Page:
Read All about It

By Erin Peterson

With the rapid decline of many traditional media companies, quite a few Carls have reevaluated and reinvented their careers. While it’s not clear how journalism will evolve over the next decade, these alumni are finding new ways to communicate.

If there had been any question that these are trying times for traditional media companies, it was put to rest by the steady stream of grim headlines in 2009. In February the Rocky Mountain News published its final print edition. In May the Seattle Post-Intelligencer followed suit. More than 40 consumer magazines published their final issue in 2009. And the popularity of broadcast television news continued to tumble, extending a slide that has slashed viewership by half during the past 30 years. The dismal economy has hastened the decline of many former media powerhouses—but even before the recession, the increase in the number of people getting their news online and the decrease in advertising revenues were already threatening the industry’s survival.

Journalism isn’t dead, but it is in dire need of resuscitation. No one is sure exactly what journalism will look like a decade from now, but print and broadcast journalists will have to reinvent their jobs, their product, and even their revenue models to find a place in the new media world, says Mother Jones co-editor Clara Jeffery ’89. “There’s a lot of spaghetti being thrown at the wall right now,” she says. “We hope that enough will stick to get us through this rough time.”

Carls are at the forefront of the transformation, examining new ways to tell important stories, connect with readers and viewers, and stay profitable in a challenging environment. Here they provide a glimpse of what lies ahead for journalism.

The New Journalist

Ellen Byron '98When Ellen Byron ’98 landed a position at the Wall Street Journal in 2000, her reporting responsibilities looked fairly similar to those of the reporters who had preceded her: She would grab a notebook and a pen, report the story, then return to her desk and write it up.

Today, as a staff reporter, she would never be confused with reporters from years past. She has a whole bag of gear that she uses to tell a story—including a digital still camera, a video camera, and a digital voice recorder—and the process requires far more advance preparation. “From the beginning, I have to think about how I’ll present the story,” she says. “Do I need to create an online video? Do I need to have a photo slide show? We do podcasts here, too, so there’s even an audio component to reporting.”

The relatively recent focus on multimedia storytelling has required her to learn new technologies quickly and has made her day-to-day work more challenging, but she has embraced the transition. “When I think about my own media habits, I realize that they’ve changed,” she says. “I watch videos online, I flip through slide shows, and I listen to podcasts. I realize that my own reporting has to change as well.”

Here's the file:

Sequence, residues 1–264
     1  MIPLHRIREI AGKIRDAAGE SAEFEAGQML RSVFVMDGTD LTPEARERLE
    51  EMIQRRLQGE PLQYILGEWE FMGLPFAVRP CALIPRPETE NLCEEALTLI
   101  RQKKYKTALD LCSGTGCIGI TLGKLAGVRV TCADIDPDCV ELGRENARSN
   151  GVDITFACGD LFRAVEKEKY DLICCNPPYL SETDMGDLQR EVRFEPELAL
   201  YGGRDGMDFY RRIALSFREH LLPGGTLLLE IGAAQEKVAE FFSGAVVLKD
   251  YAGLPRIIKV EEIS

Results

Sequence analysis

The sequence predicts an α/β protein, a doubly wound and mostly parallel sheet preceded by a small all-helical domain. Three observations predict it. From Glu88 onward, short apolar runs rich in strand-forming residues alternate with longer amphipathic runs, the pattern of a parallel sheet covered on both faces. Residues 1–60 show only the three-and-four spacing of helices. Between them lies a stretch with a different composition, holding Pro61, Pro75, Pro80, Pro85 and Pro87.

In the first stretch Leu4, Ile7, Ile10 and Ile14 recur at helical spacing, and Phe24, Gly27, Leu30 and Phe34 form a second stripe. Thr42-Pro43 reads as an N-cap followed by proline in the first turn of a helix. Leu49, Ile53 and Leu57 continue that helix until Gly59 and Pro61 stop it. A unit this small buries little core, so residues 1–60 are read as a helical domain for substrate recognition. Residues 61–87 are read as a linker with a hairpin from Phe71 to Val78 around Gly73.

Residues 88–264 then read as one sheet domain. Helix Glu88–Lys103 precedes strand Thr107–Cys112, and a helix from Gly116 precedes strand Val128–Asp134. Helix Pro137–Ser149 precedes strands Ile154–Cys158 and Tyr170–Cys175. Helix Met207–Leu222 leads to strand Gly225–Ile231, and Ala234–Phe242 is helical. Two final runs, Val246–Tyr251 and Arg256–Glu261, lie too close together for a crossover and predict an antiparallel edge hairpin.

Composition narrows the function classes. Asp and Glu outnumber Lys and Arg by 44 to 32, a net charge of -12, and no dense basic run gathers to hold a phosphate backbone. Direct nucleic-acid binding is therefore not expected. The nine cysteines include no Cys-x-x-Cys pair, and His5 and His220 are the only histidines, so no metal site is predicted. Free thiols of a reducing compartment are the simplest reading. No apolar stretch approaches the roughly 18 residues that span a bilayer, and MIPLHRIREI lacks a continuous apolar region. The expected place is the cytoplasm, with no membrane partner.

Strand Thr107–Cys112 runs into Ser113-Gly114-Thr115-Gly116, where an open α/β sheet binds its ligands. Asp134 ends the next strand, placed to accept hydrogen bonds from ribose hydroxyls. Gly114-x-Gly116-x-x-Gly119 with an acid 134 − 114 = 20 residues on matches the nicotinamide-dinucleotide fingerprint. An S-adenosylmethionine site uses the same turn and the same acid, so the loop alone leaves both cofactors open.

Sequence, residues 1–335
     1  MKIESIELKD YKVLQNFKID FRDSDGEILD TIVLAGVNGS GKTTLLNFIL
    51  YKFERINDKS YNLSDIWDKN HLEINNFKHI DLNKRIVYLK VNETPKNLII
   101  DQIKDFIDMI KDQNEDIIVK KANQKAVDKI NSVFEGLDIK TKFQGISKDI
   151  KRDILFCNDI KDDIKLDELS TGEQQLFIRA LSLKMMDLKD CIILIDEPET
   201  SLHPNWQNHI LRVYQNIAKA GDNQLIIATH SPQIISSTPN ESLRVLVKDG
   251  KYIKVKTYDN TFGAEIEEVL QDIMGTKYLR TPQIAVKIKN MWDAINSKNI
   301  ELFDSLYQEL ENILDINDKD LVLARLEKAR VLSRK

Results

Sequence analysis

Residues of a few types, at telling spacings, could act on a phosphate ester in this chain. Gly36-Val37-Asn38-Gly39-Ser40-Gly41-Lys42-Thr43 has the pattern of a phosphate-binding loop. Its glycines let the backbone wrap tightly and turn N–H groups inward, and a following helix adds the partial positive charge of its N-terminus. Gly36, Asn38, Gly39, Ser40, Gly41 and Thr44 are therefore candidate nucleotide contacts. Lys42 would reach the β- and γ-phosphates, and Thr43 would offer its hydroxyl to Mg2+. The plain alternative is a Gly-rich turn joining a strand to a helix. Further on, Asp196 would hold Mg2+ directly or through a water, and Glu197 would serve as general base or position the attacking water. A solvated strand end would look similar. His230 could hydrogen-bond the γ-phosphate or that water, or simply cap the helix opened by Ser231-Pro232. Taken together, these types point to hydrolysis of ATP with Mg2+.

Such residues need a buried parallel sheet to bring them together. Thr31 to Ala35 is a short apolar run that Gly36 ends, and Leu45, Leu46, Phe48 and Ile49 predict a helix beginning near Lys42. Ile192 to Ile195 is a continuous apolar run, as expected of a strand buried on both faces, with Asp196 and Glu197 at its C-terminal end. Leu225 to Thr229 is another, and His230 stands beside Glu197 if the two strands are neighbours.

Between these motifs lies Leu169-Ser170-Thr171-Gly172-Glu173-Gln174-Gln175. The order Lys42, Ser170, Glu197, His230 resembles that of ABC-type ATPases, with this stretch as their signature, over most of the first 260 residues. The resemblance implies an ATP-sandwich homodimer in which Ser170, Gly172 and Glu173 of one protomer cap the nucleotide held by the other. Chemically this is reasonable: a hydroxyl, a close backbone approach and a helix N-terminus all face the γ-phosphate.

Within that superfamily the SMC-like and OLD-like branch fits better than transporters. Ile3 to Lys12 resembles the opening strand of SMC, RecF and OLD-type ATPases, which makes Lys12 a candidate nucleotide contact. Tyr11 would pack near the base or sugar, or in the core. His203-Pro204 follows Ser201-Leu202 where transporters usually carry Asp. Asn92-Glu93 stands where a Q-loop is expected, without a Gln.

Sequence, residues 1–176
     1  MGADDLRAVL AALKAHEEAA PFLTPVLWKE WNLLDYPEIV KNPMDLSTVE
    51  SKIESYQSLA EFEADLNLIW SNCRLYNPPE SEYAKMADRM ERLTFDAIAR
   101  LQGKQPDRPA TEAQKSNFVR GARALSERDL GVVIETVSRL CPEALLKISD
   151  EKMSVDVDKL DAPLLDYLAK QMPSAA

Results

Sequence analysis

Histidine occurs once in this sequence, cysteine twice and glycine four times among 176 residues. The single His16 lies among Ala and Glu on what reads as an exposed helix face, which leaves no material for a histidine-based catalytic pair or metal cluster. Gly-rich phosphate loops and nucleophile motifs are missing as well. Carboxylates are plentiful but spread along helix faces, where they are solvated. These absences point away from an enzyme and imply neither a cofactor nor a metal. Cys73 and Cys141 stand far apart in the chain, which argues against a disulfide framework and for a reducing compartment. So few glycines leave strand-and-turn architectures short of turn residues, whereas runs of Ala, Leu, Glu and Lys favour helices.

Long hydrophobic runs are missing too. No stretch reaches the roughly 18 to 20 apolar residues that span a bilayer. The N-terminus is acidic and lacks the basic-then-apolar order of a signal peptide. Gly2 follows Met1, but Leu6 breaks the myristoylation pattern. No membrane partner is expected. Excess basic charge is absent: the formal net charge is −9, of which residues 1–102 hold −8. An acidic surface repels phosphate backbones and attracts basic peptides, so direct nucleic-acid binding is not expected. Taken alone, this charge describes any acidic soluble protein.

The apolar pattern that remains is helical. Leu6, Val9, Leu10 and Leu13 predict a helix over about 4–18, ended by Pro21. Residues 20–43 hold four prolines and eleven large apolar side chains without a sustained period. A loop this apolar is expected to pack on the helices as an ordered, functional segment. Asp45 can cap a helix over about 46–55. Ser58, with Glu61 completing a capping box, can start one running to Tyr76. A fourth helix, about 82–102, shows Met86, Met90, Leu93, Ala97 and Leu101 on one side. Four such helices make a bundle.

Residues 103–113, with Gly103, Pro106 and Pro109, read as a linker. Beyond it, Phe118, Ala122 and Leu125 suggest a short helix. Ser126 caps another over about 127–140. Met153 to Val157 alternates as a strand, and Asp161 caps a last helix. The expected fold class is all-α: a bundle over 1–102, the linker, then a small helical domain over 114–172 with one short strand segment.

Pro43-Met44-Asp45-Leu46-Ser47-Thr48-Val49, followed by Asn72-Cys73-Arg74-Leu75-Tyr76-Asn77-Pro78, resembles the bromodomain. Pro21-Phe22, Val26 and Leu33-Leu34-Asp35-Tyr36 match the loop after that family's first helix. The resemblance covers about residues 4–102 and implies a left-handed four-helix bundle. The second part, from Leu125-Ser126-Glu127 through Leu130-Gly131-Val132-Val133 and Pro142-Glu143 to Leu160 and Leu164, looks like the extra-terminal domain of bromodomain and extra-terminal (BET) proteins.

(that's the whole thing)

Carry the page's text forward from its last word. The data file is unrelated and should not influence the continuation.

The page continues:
She points to a 2008 feature she did on Indian entrepreneur Shahnaz Husain as one example of the power of multimedia to add depth to a story. Not only did Byron travel to India to work on the story, but she facilitated the creation of a video so that viewers could see Husain in action, prepared photos for an online slide show, and wrote an in-depth story that met the Journal’s rigorous journalistic standards.

Even basic stories include several components. A recent story on the launch of a new laundry detergent, Tide Basic, required her to pull together art for an online slide show and to be interviewed for a radio show produced by the Journal. “It’s an exciting time to be a journalist,” she says. “Information moves so fast that if you’ve got breaking news, you’ve got to put it out there immediately. But [today’s media environment] also demands that reporters become broader in their thinking about delivering that information.”

Byron recognizes that the print newspaper plays an ever-declining role in the Journal’s brand. Her stories are often posted online hours before print editions reach subscribers, which can make the newspaper story seem like old news. She still grabs a newspaper for her subway ride to work—her BlackBerry doesn’t work underground—but she won’t place any bets on whether print papers will exist 10 years from now.

Still, she remains confident about the future of the journalism profession. “The means by which readers get information will change,” she says. “But as long as people have an appetite for authoritative, unbiased, fact-based information—and in an era of corporate scandals, political scandals, and environmental scandals, it’s stronger than ever—there will be a hunger for investigative reporting. I think the public will recognize the importance of good journalism to society. That fuels my confidence about its future.”